CHOICE BETWEEN FOOD AND HEROIN: EFFECTS OF MORPHINE, NALOXONE, AND SECOBARBITAL

Roland R. Griffiths, Richard M. Wurster, Joseph V. Brady

Research output: Contribution to journalArticlepeer-review

Abstract

Baboons responded on a choice task on which discrete trials involved choosing between an intravenous injection of heroin (.32 or 1.0 mg/kg) or the availability of food pellets. An intertrial interval of three hours followed the completion of each trial. Under baseline conditions baboons consistently completed the eight available trials each day. Typically, animals chose heroin on three or four trials a day and food on the remaining trials. Animals tended to space the selection of heroin rather than choosing heroin on consecutive trials. A series of single‐day experimental manipulations was undertaken to characterize performance further. Manipulation of the heroin dose produced shifts in the relative frequency of choosing the drug option which were inversely related to dose. Manipulation of number of pellets per food trial produced little change in distribution of choices. Noncontingent administration of morphine produced dose‐related decreases in relative frequency of heroin choices, and at higher doses decreased the number of trials completed. Noncontingent naloxone produced dose‐related increases in the relative frequency of heroin choices. Noncontingent secobarbital had no effect on distribution of choices, and high doses reduced the number of trials completed per day. The results suggest that morphine and naloxone produce shifts in this choice behavior by selectively interacting with the reinforcing properties of the option involving heroin. 1981 Society for the Experimental Analysis of Behavior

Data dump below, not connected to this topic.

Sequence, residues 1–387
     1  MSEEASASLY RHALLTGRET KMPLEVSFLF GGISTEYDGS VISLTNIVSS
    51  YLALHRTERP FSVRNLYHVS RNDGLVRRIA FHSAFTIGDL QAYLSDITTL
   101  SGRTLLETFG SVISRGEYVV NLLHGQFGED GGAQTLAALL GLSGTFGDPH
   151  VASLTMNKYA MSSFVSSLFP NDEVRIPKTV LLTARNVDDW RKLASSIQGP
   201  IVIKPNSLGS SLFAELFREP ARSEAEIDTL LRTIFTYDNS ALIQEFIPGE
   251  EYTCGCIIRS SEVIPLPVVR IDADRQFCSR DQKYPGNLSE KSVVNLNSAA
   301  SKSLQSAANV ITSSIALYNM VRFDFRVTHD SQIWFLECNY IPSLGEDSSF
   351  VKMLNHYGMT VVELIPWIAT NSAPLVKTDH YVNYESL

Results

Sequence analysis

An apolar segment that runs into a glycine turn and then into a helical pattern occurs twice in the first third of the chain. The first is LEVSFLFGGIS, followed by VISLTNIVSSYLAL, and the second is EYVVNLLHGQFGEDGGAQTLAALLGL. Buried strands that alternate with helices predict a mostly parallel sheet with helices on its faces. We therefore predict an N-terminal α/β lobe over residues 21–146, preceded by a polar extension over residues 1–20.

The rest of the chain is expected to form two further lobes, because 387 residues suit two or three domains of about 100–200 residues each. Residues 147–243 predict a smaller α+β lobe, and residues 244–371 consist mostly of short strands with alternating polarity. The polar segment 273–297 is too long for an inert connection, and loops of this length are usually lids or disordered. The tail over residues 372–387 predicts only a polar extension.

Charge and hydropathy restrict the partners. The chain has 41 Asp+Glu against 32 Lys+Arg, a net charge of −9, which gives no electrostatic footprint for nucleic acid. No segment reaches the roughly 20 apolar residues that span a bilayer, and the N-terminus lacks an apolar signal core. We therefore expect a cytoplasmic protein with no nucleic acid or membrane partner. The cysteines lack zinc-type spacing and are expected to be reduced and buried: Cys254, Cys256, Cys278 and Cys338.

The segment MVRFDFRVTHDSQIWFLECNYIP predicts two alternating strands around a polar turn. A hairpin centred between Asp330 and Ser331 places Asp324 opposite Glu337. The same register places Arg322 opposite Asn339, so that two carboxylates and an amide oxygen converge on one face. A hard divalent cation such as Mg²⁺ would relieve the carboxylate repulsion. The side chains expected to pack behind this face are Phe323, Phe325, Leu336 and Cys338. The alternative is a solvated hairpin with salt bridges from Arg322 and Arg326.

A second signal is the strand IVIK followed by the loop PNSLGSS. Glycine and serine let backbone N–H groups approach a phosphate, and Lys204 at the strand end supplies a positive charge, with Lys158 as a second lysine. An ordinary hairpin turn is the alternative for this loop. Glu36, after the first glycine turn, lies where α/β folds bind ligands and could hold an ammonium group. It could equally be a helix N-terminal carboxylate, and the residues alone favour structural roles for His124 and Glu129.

Original languageEnglish (US)
Pages (from-to)335-351
Number of pages17
JournalJournal of the experimental analysis of behavior
Volume35
Issue number3
DOIs
StatePublished - May 1981

Keywords

  • baboons
  • choice
  • drug self‐administration
  • heroin
  • morphine
  • naloxone
  • secobarbital

ASJC Scopus subject areas

  • Experimental and Cognitive Psychology
  • Behavioral Neuroscience

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